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Risky Biz News: New CVSSv4 vulnerability scoring system is out
In other news: Mozi botnet goes down; Boeing confirms ransomware attack; and Microsoft goes through a second Trustworthy Computing moment.
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The Forum of Incident Response and Security Teams (FIRST) has officially released a new version of the Common Vulnerability Scoring System (CVSS), the most widely used standard for rating the severity of software vulnerabilities using a score from 1 to 10.
With this week's release, the standard has now reached version 4.0—also more commonly known as CVSSv4.
Work on this new version began years ago and comes after a period of public comments and feedback and after a first CVSSv4 draft was presented in June at the FIRSTcon 2023 security conference.
There are several new additions in CVSSv4 that expand CVSSv3.1, the standard that has been in use for the past several years. The four most important ones are below:
New CVSS scoring metrics have been added to improve the granularity of CVSS scores. This was done because in previous versions of the standard, you'd end up with different types of vulnerabilities bunched around the same score that didn't particularly reflect each one's severity. More scoring metrics in CVSSv4 means a better spread across the whole scale.
There are now ICS, OT, and IoT-specific scoring metrics. This includes scoring metrics such as "Safety," "Automatable," or "Recovery," which will let critical infrastructure operators know if a security flaw just looks bad on paper or if it's actually exploitable and dangerous to their networks.
New scoring metrics such as "Value Density," "Vulnerability Response Effort," and "Provider Urgency" have been added to help responders evaluate and prioritize vulnerabilities. The last two are particularly interesting since they allow vendors to tell customers that a vulnerability needs to be patched ASAP. This is a capability that was not present in the current CVSS.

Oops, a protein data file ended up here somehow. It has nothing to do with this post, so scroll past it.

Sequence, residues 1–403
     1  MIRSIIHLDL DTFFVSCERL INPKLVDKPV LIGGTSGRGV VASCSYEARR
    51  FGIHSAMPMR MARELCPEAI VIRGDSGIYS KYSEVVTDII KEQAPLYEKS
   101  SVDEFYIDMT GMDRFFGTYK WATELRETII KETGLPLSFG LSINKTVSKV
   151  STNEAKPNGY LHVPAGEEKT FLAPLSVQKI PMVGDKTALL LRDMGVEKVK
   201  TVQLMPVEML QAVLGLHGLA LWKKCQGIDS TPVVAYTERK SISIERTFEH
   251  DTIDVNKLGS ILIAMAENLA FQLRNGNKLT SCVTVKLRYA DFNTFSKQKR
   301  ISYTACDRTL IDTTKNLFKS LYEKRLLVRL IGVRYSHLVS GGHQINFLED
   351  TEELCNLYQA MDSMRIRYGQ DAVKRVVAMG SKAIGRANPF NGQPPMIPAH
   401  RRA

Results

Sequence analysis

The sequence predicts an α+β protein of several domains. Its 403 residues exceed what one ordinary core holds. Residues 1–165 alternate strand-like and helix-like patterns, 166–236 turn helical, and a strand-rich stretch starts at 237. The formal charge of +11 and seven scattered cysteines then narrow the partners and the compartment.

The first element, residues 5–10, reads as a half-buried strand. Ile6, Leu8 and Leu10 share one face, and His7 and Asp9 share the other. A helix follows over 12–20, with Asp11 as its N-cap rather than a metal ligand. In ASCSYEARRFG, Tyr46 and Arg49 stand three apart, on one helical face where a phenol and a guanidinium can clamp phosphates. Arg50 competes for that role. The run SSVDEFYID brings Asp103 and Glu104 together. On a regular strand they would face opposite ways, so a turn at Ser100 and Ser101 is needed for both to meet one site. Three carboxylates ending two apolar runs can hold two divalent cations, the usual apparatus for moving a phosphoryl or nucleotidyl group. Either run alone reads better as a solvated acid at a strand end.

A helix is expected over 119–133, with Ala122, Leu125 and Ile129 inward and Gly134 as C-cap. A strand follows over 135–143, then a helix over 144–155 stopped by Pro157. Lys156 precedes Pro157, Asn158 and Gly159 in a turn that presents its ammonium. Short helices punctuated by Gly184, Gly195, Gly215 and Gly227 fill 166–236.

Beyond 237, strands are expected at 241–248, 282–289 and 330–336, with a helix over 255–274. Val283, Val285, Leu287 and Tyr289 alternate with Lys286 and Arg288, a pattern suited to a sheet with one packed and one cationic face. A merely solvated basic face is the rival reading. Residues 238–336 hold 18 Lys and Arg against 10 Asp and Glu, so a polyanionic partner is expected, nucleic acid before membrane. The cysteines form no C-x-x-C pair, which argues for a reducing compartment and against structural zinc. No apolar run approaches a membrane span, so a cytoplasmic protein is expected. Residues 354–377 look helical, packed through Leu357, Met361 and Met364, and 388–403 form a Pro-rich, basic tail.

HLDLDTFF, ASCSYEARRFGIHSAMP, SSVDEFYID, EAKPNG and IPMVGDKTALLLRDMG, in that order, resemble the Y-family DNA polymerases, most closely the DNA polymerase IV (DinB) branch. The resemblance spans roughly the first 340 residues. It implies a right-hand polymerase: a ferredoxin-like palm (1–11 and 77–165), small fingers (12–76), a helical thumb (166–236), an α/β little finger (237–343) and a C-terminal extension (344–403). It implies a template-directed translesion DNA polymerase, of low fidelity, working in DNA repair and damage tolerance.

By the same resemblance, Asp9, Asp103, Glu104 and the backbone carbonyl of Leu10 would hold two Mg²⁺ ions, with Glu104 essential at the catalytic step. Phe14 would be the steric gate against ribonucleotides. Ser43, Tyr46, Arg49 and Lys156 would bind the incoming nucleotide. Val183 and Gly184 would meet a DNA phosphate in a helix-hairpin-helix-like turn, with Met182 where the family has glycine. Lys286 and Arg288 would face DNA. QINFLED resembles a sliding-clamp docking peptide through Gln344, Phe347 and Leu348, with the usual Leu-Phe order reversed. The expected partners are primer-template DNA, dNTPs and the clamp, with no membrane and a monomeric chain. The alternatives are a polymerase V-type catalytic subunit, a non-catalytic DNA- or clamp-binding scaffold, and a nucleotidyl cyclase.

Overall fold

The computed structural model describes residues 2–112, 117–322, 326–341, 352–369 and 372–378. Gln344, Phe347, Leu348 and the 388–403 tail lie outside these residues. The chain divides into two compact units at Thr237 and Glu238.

The "Temporal" metrics group from CVSSv3 has been replaced with a new group called "Threat Metrics." Just like the previous one, this group deals with exploitability and proof-of-concept availability but is way easier and clearer.
Because of all the changes, the new CVSSv4 also means a new way to score vulnerabilities, and the way the scores are now calculated has also changed. While in previous versions, most CVSS scores were the "base score," in CVSSv4, we now have four types of scores, depending on which groups of "metrics" apply to a vulnerability. The four new CVSS score types are now the ones below. Use the image below to understand how they are calculated.
CVSS-B: CVSS Base Score
CVSS-BT: CVSS Base + Threat Score
CVSS-BE: CVSS Base + Environmental Score
CVSS-BTE: CVSS Base + Threat + Environmental Score
If that's not enough, BASE4 Security, Rapid7, Qualys, and Tenable published deep dives into the new standard earlier this year that will help you navigate all the changes. Nucleus Security (by coincidence, this week's sponsor) also published a YouTube video going over the new CVSSv4 changes back in June. Probably the best description of the new CVSSv4 standard comes from BASE4's write-up, which describes it as a "pursuit of precision."
Breaches, hacks, and security incidents
Advarra hack: A threat actor claims to have hacked and exfiltrated data from Advarra, a major provider of IT services to the US healthcare sector. The attack took place on October 25. The threat actor says they plan to leak the data after the company has refused to negotiate or pay a ransom. The attack has been claimed by one of the AlphV ransomware affiliates, and the company's name was listed on the AlphV dark web leak site on November 1. [Additional coverage in DataBreaches.net]
Boeing ransomware attack: Airplane maker and defense contractor Boeing has confirmed that a ransomware attack has impacted its parts and distribution business. The LockBit ransomware gang first listed Boeing's name on its dark web leak site on October 27 before the company admitted to the incident. The gang claimed it accessed Boeing's network using an unnamed zero-day. [Additional coverage in DarkReading]
Onyx Protocol crypto-heist: A threat actor has stolen $2.1 million worth of crypto assets from DeFi platform Onyx Protocol. The attacker used an illiquidity market exploit to manipulate interest rates and steal funds from the platform's wallets. According to blockchain security firm SlowMist, the same exploit was also used to steal $7.4 million from the now-defunct Hundred Finance platform back in April.